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Local Activists Say San Diego Isn't Moving Fast Enough On Climate Change

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Local climate activists are questioning whether or not the region is doing the work necessary to achieve its climate action goals and play its part in stopping a climate disaster.

Speaker 1: 00:00 San Diego is one of the leaders in the state and the nation and confronting the threat of climate change. The city's climate action plan is a model for other cities. And this year, the County is developing a plan to move the region totally away from fossil fuels, but are we actually doing the work necessary to achieve these goals and stop a climate disaster? Nicole Capra it's founder of San Diego's climate action campaign says no she's warning that a faster pace and more commitment is needed as the dangers of climate change increase. Nicole Cafritz joins me now and welcome Nicole.

Speaker 2: 00:37 Thank you. Nice to be here. No, you recently,

Speaker 1: 00:40 Lee wrote this warning in an op-ed in the union Tribune. Why, what do you see happening that moved you to write this piece?

Speaker 2: 00:47 Yeah, a couple of things. One is just our analysis based on our watchdog work at the local and regional level in San Diego County. And we do this annual report card that evaluates, Hey, how are cities doing? Not only in developing climate action plans, but as importantly implementing them. And what we have found consistently is that our cities and the County are just falling behind. There's just no coordination. They don't have the resources and it just doesn't have the political will necessary to actually get these plans, um, implemented in a way that's really going to make that change. We need to see at the same time, this new report comes out from a host of climate experts throughout California, sort of, you know, sounding the alarm saying what they're seeing based on the data is that the climate crisis is accelerating so fast that we are not up to match the pace and scale of this change. And so they call for the, uh, state of California to double down to basically, you know, sort of throw out the old goals where we were saying, Hey, we're going to be carbon neutral by 2045. And they said, you need to be carbon neutral by 2030, which is a pretty dramatic shift in the timeline.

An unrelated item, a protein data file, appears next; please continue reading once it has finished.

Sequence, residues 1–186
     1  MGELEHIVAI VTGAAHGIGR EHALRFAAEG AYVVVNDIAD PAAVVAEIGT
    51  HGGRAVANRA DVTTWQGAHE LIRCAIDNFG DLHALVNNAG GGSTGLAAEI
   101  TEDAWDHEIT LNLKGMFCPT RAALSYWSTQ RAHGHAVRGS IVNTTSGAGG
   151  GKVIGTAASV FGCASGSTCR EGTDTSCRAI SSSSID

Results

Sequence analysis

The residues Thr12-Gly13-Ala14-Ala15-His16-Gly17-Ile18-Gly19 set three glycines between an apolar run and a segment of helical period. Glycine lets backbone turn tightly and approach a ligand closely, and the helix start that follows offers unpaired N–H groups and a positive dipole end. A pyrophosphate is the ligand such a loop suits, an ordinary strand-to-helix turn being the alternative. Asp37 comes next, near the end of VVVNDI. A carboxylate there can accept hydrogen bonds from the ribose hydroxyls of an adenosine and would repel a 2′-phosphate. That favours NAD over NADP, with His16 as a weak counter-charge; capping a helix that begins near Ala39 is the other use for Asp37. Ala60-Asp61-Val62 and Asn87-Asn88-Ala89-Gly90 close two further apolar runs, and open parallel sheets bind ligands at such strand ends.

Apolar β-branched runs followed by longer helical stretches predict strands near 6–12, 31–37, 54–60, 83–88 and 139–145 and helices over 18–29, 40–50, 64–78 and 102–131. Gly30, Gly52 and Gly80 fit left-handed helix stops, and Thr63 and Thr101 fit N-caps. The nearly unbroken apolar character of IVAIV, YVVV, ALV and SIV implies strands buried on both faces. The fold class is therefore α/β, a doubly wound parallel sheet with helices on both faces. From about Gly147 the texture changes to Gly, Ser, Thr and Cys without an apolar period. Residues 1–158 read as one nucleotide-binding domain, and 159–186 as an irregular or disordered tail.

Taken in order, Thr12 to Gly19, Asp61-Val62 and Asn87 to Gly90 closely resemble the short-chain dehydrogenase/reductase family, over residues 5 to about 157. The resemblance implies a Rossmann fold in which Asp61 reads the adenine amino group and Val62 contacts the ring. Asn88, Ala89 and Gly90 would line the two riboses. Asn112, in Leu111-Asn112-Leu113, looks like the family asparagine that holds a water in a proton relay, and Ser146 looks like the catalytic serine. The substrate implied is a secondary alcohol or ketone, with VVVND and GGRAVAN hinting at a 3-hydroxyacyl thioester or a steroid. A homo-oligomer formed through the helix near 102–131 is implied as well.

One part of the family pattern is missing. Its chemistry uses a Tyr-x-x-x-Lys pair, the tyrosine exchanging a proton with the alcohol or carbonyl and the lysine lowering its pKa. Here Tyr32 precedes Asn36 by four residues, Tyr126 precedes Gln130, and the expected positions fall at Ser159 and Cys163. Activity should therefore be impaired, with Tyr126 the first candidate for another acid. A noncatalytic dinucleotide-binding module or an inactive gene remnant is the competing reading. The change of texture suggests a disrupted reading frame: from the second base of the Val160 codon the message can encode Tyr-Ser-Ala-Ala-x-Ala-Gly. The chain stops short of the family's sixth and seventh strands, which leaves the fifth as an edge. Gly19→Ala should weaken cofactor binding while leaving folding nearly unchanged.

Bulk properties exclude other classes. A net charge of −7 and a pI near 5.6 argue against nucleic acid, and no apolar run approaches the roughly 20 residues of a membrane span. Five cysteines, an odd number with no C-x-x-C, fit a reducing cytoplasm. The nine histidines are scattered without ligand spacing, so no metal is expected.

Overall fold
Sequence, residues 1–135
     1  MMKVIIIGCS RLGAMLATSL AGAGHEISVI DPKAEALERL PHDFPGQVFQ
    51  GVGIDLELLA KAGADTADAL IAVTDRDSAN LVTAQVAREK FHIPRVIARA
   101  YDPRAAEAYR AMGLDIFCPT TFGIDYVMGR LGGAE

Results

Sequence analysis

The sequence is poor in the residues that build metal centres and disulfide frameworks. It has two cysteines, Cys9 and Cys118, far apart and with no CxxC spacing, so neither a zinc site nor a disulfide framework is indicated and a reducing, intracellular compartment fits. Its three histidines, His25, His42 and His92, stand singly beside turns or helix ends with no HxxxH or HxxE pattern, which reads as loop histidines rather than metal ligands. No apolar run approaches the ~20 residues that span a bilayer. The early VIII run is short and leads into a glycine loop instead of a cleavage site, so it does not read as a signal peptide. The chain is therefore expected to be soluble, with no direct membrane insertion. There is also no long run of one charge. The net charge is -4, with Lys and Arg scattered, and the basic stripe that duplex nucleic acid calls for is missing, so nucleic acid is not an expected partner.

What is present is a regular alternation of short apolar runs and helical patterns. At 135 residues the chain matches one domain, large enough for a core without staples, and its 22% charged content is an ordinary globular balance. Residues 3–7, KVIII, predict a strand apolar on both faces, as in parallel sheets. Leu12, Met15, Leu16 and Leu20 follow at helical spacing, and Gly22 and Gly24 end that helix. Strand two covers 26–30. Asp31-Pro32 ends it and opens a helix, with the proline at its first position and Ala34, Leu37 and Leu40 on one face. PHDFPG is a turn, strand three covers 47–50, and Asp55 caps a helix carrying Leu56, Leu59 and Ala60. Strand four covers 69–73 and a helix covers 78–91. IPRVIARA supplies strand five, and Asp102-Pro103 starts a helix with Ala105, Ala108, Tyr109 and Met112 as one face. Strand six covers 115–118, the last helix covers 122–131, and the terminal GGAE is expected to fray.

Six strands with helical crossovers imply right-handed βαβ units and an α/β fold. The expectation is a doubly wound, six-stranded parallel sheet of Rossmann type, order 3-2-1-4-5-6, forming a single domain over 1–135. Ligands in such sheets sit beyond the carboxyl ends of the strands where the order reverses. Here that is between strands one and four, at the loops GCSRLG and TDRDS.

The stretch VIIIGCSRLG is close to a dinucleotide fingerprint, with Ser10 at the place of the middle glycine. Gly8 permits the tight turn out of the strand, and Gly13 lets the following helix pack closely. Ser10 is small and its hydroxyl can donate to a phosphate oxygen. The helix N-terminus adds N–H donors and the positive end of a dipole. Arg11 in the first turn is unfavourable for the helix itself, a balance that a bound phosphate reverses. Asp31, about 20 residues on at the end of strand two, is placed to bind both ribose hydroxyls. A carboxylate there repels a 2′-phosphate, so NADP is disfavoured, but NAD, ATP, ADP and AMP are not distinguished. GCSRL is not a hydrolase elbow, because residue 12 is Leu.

Speaker 1: 02:07 Go back to that report card that you mentioned, the climate action issues each year. You say each city in San Diego is falling behind. Can you give us more on that? How are they falling behind?

Speaker 2: 02:18 Yeah, I mean, the climate crisis impacts everything about, uh, city operations. It affects right how we grow, how we move people around how we power our future. And so it's a very holistic analysis. And so we are making some, some pretty decent strides on, um, cleaning our grid as they say, which means getting renewable electricity to power our lives. Unfortunately, when you look at transportation, we've made almost zero progress. Unfortunately we have not provided alternatives, biking, walking, transit that make it viable for people not to drive their car to work. And so, you know, setting aside the COVID last year and kind of how that, um, messed with, um, traditional practices, what we see is that people are getting right back on the road and in their car, because again, we have not, um, put in the infrastructure necessary so that people feel like they don't have to drive to work.